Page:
Posts Tagged ‘radish’



Sunday morning at our local green market I saw a bunch of teeny, tiny French breakfast radishes coated in dirt.  Since the dirt told me that they had not been long out of the earth I had to bring them home even though I had no plan to have a second breakfast.  So later in the day I washed them, dipped one at a time into some sea salt, and popped them into my mouth as I made dinner.  I have no idea why they are called French breakfast radishes as I have never known a French breakfast to consist of much more than coffee and a baguette, but there must be a reason.  If you know, would you clue me in?

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Some years ago when my beautiful “almost daughter” Anne and her husband, Henry, bought their dreamed-of house in the south of France we made a quick visit just as they were moving in.  Anne said “it’s so hot, don’t bring anything but summer clothes” – well, you know what happened.  It was cold as the blazes, we couldn’t figure out how to work the heat, and the blankets weren’t yet unpacked.  So, we made lots of excursions in their tiny car trying to keep warm.  One of the excursions took us on a lunch quest to La Bastide de Moustiers, Chef Alain Ducasse’s auberge in the hills of Provence.  As we waited to be seated we were served the house aperitif, a Sonaillo made with a local liqueur, and a bowl full of crisp, ever-so-slightly pungent French breakfast radishes with sweet, sweet butter and sea salt.  A simple but extraordinary beginning to a delightful meal.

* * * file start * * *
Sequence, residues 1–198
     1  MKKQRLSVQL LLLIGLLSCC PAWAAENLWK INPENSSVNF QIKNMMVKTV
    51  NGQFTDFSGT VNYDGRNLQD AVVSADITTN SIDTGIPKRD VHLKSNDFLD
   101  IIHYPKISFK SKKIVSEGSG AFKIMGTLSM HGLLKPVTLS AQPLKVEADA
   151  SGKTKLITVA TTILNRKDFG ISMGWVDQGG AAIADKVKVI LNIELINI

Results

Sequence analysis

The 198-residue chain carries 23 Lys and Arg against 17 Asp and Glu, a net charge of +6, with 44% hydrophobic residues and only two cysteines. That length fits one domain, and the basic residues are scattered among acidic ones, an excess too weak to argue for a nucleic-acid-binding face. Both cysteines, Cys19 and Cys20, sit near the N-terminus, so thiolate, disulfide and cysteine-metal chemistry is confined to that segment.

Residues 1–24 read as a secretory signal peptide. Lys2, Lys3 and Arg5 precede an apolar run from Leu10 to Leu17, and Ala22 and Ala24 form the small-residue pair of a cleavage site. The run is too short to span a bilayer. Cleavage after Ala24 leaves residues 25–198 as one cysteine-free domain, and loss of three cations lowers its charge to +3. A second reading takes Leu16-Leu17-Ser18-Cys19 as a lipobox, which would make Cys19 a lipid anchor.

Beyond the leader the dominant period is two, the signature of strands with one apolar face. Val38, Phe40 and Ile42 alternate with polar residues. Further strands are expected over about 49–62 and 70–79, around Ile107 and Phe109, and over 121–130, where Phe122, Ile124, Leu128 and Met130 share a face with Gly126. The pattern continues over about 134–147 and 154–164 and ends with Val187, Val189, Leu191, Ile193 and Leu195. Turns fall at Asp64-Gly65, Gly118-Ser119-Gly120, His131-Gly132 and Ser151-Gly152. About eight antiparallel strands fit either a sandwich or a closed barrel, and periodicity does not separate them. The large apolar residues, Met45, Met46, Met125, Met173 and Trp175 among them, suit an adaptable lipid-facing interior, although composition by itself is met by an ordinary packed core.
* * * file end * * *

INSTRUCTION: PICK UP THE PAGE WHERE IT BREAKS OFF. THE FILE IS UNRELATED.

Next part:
This is a very long – and perhaps not too interesting – introduction to my visit to the farmers market on Saturday where the loveliest bunch of spring time French breakfast radishes brought the memory right back.  I, of course, bought them and planned a quiet cocktail hour with my house cocktail – Aperol and Processco with a slice of orange – and the same presentation of radishes, sweet butter (Kate’s from Vermont), and sea salt.  What we got was a bunch of pithy, soggy miserable radishes – they looked absolutely luscious – as Steve’s photo shows – but what a disappointment.  Chalk it up to another example of being not able to tell a book by its cover.


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